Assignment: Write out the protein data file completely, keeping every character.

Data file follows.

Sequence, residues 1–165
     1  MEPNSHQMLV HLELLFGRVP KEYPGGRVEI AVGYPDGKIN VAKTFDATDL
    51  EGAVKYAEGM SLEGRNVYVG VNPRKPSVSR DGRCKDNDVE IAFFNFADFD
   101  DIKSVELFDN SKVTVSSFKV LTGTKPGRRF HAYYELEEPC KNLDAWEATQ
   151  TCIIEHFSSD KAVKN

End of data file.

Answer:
Sequence, residues 1–165
     1  MEPNSHQMLV HLELLFGRVP KEYPGGRVEI AVGYPDGKIN VAKTFDATDL
    51  EGAVKYAEGM SLEGRNVYVG VNPRKPSVSR DGRCKDNDVE IAFFNFADFD
   101  DIKSVELFDN SKVTVSSFKV LTGTKPGRRF HAYYELEEPC KNLDAWEATQ
   151  TCIIEHFSSD KAVKN